By anon170795 — On Apr 27, 2011

To #36: Silver is what you want. Here in Canada, amputees have their limbs packed in silver. Your body will not build an immunity to it and no infection will get past the packing. I would suggest finding a place that deals with homeopathic medicines (medicines are found naturally, drugs are made by pharmaceutical companies).

To #41, that statement shows your intellect. What you are saying is that we shouldn't drink water because it is made up of explosives. Hydrogen fuels the space shuttle and you can't have a fire without oxygen.

Also, fluorine and fluoride are two separate elements with sodium fluoride being found in toothpaste. Do your homework.

By anon160403 — On Mar 15, 2011

I am pleased to find such an aware group with genuine concerns for health. I would venture that people in this group would be very interested in investigating ORMUS. I have been most amazed with this stuff and you can learn to make it at home. I believe it will lead to the rewriting of many medical books.

By anon147773 — On Jan 30, 2011

To number 36: I get my sister in South Africa to send me Mercurochrome. Fantastic stuff!

Even friends in the UK who have used it cannot believe how good the stuff is.

To number 18: Poor baby! I get approx two big cold sores each year which generally heal but give me a second cold sore before it all goes away till the next time.

I keep mine as dry as possible! Always! I even use the hair dryer on cool to dry it out. I have a cream type ointment that I put on almost every 30 minutes and then damp the thing dry with a cotton material -- something like a hanky. The main thing is keep it dry.

I have now found clear patches that you put on when you have dried the cold sore, that seals it, not allowing it to weep! Very good stuff! My sister has found the same in South Africa as recently as two weeks ago.

Hope this helps. Cheers. --T.

By anon146034 — On Jan 25, 2011

To person # 40: Sodium is poison, chlorine is poison, Sodium Chloride is your table salt. Stop having salt. And what about the fluorine in your fluoride toothpaste?

By anon145745 — On Jan 24, 2011

People! The word is derived from "Mercury". It contains mercury, mercury is poison. How simple does it have to be?

By anon144575 — On Jan 20, 2011

It is obvious that the FDA does not serve the people of America but rather big business! Look at the tragedy of aspartame! Never forget that your FDA passed thalidomide! Zapping mercurochrome is their way of forcing you to buy the crap that the modern drug mafia companies want you to buy so they can continue to enjoy their amoral lifestyles!

By anon143511 — On Jan 16, 2011

I found a bottle of Mercurochrome in my medicine cabinet. I was going to dispose of it, but after reading how great this stuff is I think I'll hold on to it!

By anon138377 — On Dec 31, 2010

i have my bottle and I've had it for ever still use it and I'm 47.My 4 kids all use it so that makes me a bad parent?

By anon138242 — On Dec 30, 2010

To the person #35 who asked if there is a shelf life of Mercurochrome, the short answer is yes every drug has a shelf life before it loses it full potency, but I have found that I can still get some benefit from a bottle of Mercurochrome I still have that's probably 15 years old and because some fool took it off the market.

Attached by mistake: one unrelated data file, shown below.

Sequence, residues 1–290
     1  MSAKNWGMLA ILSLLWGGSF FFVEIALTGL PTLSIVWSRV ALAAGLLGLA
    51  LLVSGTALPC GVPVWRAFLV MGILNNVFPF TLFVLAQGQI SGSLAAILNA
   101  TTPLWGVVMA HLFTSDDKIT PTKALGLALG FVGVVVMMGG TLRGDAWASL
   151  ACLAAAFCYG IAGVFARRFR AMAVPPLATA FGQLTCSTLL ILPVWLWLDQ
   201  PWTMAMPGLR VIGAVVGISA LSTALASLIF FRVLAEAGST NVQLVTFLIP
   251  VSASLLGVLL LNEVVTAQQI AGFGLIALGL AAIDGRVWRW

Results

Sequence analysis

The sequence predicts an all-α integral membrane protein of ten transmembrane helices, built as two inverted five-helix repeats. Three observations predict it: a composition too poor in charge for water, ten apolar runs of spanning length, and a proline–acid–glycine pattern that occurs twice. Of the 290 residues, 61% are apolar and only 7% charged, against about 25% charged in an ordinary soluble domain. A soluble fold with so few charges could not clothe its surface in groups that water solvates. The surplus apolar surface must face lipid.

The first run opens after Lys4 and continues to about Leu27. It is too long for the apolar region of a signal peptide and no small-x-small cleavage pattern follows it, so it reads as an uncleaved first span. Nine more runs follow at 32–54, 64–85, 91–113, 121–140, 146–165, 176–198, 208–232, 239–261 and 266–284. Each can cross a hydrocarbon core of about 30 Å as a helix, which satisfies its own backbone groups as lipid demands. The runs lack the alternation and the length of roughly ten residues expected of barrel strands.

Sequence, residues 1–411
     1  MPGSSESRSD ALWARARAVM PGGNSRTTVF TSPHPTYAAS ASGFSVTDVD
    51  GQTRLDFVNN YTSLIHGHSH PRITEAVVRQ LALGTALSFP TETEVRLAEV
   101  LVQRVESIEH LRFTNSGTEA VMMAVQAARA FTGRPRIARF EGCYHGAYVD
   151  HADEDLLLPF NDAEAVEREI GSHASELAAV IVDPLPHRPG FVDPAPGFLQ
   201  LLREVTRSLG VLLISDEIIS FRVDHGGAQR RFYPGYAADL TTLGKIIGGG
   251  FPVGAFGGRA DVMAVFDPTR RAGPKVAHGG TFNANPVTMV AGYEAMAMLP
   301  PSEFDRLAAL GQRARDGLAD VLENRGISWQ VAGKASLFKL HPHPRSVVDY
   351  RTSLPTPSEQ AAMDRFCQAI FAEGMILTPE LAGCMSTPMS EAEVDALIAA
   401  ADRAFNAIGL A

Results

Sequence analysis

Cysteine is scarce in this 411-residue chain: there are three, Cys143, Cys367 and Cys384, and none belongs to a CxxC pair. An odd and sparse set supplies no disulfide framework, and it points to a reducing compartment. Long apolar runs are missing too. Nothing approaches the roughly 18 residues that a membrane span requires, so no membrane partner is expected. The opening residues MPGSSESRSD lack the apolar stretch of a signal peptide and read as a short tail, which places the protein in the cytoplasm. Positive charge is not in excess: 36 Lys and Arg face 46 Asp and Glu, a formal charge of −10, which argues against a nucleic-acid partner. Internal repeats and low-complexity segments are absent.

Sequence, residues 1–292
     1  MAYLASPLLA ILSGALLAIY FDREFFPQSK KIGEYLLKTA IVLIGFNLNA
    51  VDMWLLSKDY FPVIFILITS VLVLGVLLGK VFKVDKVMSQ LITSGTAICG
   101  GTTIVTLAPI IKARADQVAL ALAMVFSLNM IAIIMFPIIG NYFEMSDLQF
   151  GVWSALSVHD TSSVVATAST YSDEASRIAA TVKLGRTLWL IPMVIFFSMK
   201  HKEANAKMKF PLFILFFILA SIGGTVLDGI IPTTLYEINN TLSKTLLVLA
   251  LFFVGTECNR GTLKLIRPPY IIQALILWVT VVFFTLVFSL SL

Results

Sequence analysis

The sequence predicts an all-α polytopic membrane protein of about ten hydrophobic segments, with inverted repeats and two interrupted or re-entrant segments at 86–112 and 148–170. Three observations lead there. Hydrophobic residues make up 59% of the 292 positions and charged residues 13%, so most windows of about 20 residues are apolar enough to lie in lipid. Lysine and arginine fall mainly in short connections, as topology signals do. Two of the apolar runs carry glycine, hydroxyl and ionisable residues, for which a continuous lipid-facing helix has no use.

I have had to use it very sparingly and only have about 5ml left so I need to find a supply as I'm allergic to any form of iodine which can kill me. But they don't take that crap off the market or any of the other drugs that really aren't any good for you.

Now to get to my question: Does anyone know where in this world I can still get Mercurochrome as it heals me very well even gashes it dries up and heals a lot faster than most people heal conventional ways?

I forgot to tell you I also can't have any form of sticking plaster on my skin either, not even the so- called non-allergenic. They still rip my skin to pieces.

I also have a very good burn cream that is good for me but has been taken off the market called Neosporin ointment which can take the pain out of a 3rd degree burn in seconds after being put on and within 1/2 an hour has reduced the burnt area to a light pink color and within eight hours there is no sign of ever being burned.

It defies all medical knowledge that it works so well with me but if I use any burn cream I burn and blister and it takes weeks to heal or if I put any water on the burn, it does the same.

Apparently there is nothing known to man that can make me heal that quick in the ointment there are a couple of steroids and apparently a trace element of silver. Maybe it's the silver that works for me, I have no idea, just that these things work for me and always have. I found a replacement for my Neosporin the other day called Kenacomb Ointment also Viaderm-K-C Cream also both work on me but I'd really like to get my hands on some Mercurochrome for cuts,gashes and wounds. Can someone please help with the location of a supplier.

Cheers, Eddy

By anon136831 — On Dec 24, 2010

is there a shelf life on Mercurochrome?

By anon136503 — On Dec 22, 2010

I am an Australian born 1957 and we grew up with it in my family. It is a magical thing because it not only stops infections apparently instantly, it takes all the pain that come the next day with anything from knuckle scrapes to major cuts. I would put it on the surface of any stitched wound whatever any doctor says.